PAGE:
From providing a cold temperature in the hotter months to staying ambient in milder seasons, many people rely on their AC every day to maintain a better standard of living. So when your unit freezes, and you're left with no air conditioning, it can ruin your whole day.
Read on for our advice on air conditioning maintenance and how to unfreeze a window ac unit.
Why would an AC Unit freeze up?
The first thing to understand when uncovering why your AC unit is freezing up is how exactly a standard unit is made.
Many air conditioners come with a cold coil inside, which requires consistent airflow to provide air of the correct temperature.
This airflow from the room is a higher temperature than the fresh air the machine emits, and this constant cycle is what produces air of the correct temperature for the space you're cooling.
As part of this process, water vapor the unit pulls from the room is condensed and then drained off.
Because of this coil, and the requirement for airflow, an AC unit can become frozen by the airflow being removed from the process, leading to the condensed water within the unit freezing around the coil, instead of draining away.
This lack of airflow could be caused by a blockage or even a dirty or malfunctioning air filter on an AC.
A closed air register may also contribute to this lack of airflow.
The other common cause of a frozen AC unit is a faulty temperature gauge or thermostat within the machine, causing the condensed water to freeze around the coil.
If ice blocks the drainage area, the freezing will continue or become worse over time as condensed water continues to be trapped and freeze.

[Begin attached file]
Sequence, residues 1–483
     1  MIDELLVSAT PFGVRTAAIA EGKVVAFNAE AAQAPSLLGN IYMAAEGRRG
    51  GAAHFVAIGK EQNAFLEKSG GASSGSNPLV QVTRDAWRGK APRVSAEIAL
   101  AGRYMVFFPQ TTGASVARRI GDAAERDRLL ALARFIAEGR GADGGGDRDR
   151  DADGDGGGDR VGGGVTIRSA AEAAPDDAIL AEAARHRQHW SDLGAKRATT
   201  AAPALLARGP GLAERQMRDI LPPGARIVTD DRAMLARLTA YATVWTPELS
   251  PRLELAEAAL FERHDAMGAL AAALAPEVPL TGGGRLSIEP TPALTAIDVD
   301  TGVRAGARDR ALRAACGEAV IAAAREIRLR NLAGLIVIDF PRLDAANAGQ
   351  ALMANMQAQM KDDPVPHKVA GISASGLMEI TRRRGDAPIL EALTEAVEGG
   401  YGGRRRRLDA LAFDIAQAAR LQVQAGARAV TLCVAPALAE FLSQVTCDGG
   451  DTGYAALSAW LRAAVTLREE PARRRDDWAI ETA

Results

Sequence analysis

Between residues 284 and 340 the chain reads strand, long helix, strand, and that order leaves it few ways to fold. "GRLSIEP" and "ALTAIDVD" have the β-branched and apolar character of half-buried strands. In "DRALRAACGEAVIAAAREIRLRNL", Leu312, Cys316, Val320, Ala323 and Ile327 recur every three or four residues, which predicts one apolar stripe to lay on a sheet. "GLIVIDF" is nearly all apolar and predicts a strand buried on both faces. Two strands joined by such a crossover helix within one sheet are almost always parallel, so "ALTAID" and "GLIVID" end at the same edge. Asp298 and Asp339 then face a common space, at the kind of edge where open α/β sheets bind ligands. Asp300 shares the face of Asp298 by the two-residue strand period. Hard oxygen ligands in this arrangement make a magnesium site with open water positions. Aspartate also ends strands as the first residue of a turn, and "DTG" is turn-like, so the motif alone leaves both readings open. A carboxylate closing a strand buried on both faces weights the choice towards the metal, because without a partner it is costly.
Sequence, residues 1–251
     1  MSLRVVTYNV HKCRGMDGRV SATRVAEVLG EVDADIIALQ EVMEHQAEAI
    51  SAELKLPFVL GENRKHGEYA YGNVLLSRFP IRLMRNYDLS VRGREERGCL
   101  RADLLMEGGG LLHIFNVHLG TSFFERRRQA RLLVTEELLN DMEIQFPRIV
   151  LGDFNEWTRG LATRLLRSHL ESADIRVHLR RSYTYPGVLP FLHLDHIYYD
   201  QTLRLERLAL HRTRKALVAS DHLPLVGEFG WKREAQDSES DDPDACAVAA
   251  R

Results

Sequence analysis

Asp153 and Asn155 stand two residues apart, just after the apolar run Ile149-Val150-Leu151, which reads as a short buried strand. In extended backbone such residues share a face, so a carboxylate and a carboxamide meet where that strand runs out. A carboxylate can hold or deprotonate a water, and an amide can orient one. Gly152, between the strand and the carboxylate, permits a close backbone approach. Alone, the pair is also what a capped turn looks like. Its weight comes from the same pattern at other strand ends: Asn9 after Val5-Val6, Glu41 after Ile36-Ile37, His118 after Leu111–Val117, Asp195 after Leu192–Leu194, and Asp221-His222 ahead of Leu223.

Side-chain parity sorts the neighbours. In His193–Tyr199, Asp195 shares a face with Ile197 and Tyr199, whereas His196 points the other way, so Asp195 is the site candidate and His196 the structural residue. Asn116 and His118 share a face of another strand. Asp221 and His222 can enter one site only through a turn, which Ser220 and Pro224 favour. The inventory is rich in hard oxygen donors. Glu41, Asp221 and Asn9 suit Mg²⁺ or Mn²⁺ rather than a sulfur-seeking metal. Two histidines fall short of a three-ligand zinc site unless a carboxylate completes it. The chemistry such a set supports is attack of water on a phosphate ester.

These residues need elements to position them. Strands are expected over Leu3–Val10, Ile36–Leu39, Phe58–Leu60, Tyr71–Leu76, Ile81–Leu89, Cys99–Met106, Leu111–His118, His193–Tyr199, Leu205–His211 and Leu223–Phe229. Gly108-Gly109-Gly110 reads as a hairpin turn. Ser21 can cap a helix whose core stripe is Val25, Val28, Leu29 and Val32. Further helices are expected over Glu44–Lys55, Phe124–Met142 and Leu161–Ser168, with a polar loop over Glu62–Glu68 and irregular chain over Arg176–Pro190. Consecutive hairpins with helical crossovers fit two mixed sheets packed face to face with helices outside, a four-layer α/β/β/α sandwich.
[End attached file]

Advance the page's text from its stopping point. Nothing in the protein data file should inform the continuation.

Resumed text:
Other blockages can also cause this problem, with anything from household debris to twigs or leaves causing blockages.
An AC Unit freezing isn't just a problem when it comes to cooling a room - it can actually cause harm to the air conditioner, and also can increase the cost of running the unit as it is not able to cool the room efficiently.
How do I prevent my AC unit from freezing up?
Prevention of your AC unit freezing is relatively simple, and all it needs is consistent care and attention on a regular schedule. This can be performed through small checks of the machine on a weekly basis, so any issues are caught early and before they cause a severe problem or breakdown.
The following checks should be taken weekly or monthly to prevent your AC unit from freezing:
Checking the drainage system for blockages
Checking and replacing the filter as and when needed
Ensuring vents or air registers are open and not blocked
Check the fan and speed of the fan
Listen for any unusual or unexpected noises
Check the level of refrigerant
Ensure the thermostat on the AC unit is set to the right temperature
For any of the above you feel you cannot do, choosing to use a maintenance company to check on your AC unit every few months may be a good alternative, ensuring that your AC unit is cared for and will remain working for longer.
It may also be the case that to prevent future freezing of your AC you need to upgrade to a new, more efficient model that has less chance of freezing.
Keeping the air conditioning maintenance on your unit up to date can prevent any number of problems with your unit before they occur, saving you both time and money.
Why is my AC line frozen?